How 9/11 changed air travel: More security, less privacy
That all ended when four hijacked planes crashed into the World Trade Center towers, the Pentagon and a field in Pennsylvania.
The worst terror attack on American soil led to increased and sometimes tension-filled security measures in airports across the world, aimed at preventing a repeat of that awful day. The cataclysm has also contributed to other changes large and small that have reshaped the airline industry, and, for consumers, made air travel more stressful than ever.
Two months after the attacks, President George W. Bush signed legislation creating the Transportation Security Administration, a force of federal airport screeners that replaced the private companies that airlines were hiring to handle security. The law required that all checked bags be screened, cockpit doors be reinforced, and more federal air marshals be put on flights.
There has not been another 9/11. Nothing even close. But after that day, flying changed forever.
New threats, privacy concerns
Here's how it unfolded.
Security measures evolved with new threats, and so travellers were asked to take off belts and remove some items from bags for scanning. Things that clearly could be wielded as weapons, like the box-cutters used by the 9/11 hijackers, were banned. After 'shoe bomber' Richard Reid's attempt to take down a flight from Paris to Miami in late 2001, footwear started coming off at security checkpoints.
Each new requirement seemed to make checkpoint lines longer, forcing passengers to arrive at the airport earlier if they wanted to make their flights. To many travellers, other rules were more mystifying, such as limits on liquids because the wrong ones could possibly be used to concoct a bomb.
"It's a much bigger hassle than it was before 9/11, much bigger, but we have gotten used to it," Ronald Briggs said as he and his wife, Jeanne, waited at Dallas/Fort Worth International Airport for a flight to London last month. The north Texas retirees, who traveled frequently before the pandemic, said they are more worried about COVID-19 than terrorism.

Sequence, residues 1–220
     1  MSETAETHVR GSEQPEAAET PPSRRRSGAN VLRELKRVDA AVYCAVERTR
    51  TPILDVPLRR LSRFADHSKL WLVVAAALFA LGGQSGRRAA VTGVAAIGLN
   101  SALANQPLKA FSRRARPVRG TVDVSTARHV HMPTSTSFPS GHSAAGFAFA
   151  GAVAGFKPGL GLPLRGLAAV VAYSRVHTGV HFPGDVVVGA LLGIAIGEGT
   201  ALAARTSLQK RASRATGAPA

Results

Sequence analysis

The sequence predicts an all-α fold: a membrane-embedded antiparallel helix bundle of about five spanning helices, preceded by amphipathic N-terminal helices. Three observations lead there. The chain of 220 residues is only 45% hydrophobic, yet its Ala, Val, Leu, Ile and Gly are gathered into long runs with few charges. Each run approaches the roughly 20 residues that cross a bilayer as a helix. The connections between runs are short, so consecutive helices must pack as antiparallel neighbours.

"The point about taking shoes off because of one incident on a plane seems somewhat on the extreme side," Ronald Briggs said, "but the PreCheck works pretty smoothly, and I've learned to use a plastic belt so I don't have to take it off."
The long lines created by post-attack measures gave rise to the PreCheck and Global Entry "trusted-traveler programs" in which people who pay a fee and provide certain information about themselves pass through checkpoints without removing shoes and jackets or taking laptops out of their bag.
But that convenience has come at a cost: privacy.
On its application and in brief interviews, PreCheck asks people about basic information like work history and where they have lived, and they give a fingerprint and agree to a criminal-records check. Privacy advocates are particularly concerned about ideas that TSA has floated to also examine social media postings (the agency's top official says that has been dropped), press reports about people, location data and information from data brokers including how applicants spend their money.